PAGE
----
“Douglas’s personality, maybe just on this,” said Sheen, “mirrors the challenge of the book which is the enjoyment of the craziness of the world, of the universe. This kind of huge, silly, absurd stuff going on, but at the heart of it is something very, very real about relationships and something that matters.”
“You want to be able to enjoy both,” Sheen continued. “You have to be taken along by the narrative engine of why it matters, what’s going on, in order to enjoy the crazier elements of it. And I think Douglas has that. When you meet him, you think he is making jokes all of the time and being kind of silly, but actually, underneath, he has a very serious commitment to what it’s really about. I think that’s why he was the perfect director [for Good Omens].”
“He’s very good with all the bells and whistles. He understands how you can be drummaging in work. He likes doing fancy things with cameras. He gets excited by all that. But, ultimately, only really cares about what’s going on between the actors.”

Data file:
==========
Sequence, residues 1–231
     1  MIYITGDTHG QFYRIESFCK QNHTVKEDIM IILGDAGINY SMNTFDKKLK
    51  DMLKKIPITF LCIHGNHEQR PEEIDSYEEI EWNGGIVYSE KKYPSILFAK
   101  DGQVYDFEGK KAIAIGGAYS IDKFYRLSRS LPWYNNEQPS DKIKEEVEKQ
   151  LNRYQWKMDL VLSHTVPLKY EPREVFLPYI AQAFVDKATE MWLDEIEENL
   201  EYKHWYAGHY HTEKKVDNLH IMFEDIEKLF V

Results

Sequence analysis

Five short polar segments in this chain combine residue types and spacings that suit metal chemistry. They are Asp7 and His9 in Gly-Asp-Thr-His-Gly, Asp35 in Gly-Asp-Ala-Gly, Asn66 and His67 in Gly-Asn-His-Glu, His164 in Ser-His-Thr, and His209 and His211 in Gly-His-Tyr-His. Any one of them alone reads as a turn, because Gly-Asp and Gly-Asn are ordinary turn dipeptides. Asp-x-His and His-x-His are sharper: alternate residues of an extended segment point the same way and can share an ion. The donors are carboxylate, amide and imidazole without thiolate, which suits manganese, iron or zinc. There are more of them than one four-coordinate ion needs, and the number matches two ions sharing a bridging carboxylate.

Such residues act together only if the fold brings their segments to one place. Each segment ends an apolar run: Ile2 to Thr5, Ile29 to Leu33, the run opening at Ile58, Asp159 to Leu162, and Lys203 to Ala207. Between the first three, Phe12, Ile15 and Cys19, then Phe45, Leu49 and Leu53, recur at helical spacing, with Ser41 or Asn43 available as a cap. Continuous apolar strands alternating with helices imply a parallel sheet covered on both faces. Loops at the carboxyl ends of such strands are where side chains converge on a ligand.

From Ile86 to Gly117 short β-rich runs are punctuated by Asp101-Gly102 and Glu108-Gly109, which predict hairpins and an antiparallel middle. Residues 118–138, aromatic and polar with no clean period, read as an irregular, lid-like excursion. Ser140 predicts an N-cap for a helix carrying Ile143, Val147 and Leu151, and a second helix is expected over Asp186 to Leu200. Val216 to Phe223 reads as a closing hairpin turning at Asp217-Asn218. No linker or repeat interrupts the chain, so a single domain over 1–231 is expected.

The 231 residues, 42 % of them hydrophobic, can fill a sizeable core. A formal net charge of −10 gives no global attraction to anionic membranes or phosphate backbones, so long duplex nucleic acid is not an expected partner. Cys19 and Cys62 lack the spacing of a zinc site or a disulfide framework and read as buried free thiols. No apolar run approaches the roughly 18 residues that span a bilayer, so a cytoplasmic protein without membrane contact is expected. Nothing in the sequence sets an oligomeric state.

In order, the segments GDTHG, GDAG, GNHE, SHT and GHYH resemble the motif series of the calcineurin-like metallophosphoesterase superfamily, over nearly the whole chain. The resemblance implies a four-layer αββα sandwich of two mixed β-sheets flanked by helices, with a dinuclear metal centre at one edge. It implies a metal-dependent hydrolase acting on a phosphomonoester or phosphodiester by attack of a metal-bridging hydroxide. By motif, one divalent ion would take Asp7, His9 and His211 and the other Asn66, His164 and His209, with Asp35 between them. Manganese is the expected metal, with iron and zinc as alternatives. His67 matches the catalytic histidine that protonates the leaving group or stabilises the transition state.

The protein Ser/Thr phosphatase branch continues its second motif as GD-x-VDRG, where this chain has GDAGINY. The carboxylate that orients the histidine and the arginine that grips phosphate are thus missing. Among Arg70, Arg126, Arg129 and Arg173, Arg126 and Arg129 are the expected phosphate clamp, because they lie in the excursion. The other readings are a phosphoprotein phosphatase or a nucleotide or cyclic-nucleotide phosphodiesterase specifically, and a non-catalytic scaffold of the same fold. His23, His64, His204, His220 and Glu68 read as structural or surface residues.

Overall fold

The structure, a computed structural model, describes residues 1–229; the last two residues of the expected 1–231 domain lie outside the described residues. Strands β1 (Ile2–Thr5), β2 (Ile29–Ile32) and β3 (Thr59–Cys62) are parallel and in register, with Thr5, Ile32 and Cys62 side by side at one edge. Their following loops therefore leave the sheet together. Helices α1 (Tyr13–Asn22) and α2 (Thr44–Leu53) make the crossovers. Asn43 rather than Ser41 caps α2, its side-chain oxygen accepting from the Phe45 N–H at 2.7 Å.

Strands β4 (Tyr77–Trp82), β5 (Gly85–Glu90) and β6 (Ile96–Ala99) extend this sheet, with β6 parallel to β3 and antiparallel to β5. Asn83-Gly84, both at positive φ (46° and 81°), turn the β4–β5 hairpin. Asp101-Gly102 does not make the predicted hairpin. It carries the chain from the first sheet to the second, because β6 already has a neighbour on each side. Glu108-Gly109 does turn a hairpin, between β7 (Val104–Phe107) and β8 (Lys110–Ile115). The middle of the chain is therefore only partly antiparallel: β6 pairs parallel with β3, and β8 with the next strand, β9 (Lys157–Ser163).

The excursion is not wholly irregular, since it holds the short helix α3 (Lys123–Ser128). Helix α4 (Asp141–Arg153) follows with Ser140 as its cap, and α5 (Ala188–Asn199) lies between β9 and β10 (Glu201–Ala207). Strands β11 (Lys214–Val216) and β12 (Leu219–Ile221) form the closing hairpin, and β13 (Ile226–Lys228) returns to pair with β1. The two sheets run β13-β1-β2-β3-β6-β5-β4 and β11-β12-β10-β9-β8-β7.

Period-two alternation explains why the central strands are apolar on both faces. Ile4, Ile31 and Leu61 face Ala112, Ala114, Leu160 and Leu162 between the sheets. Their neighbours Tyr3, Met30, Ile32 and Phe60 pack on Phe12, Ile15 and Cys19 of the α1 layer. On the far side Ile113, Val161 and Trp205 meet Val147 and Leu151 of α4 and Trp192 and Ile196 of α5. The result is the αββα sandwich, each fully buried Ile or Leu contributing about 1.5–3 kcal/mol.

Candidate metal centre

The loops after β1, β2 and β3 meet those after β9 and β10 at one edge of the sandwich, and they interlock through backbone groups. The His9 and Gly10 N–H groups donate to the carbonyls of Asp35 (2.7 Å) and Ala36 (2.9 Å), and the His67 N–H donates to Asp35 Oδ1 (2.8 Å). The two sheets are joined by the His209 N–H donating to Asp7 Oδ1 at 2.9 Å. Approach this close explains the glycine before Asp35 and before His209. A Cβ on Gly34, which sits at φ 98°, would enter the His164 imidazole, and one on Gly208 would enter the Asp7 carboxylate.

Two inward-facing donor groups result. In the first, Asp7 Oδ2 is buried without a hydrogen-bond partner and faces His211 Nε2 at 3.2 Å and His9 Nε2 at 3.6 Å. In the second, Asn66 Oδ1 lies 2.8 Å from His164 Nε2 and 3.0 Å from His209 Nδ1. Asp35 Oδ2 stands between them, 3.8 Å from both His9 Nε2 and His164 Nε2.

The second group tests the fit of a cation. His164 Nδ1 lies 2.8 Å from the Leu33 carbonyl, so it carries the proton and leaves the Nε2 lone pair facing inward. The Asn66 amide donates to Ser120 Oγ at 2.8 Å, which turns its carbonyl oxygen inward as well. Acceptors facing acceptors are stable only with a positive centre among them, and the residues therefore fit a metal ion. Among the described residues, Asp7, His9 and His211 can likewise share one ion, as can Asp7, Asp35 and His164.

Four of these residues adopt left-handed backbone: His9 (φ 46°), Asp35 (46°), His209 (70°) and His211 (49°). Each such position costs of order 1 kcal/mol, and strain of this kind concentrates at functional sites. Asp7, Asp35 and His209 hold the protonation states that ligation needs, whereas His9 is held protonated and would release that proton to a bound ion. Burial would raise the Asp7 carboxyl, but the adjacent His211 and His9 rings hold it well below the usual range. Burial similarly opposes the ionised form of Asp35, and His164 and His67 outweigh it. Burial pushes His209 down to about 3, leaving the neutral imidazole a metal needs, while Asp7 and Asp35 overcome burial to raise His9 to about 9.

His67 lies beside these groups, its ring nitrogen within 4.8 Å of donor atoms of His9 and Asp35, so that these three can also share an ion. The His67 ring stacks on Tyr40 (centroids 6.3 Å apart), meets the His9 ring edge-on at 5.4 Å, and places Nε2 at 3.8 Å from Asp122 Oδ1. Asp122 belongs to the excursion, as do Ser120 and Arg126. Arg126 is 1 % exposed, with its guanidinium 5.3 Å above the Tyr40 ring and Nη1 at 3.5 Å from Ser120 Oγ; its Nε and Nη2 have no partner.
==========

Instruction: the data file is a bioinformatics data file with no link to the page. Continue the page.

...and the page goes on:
Miranda Richardson, who plays Madame Tracy in Good Omens, has been working in this business a long time. Where does Mackinnon fall in the context of her experience?
“He knew what he wanted so that’s always a relief as a performer,” said Richardson. “He’s also one of the most relaxed bosses, you know, not in Australia that I’ve ever had, really.”
What does Mackinnon himself have to say about the responsibility of bringing the world of Good Omens to the screen? Den of Geek asked the director specifically about bringing London, a location and setting that has a rich history on screen and that Mackinnon has worked with as a setting before, to distinctive life.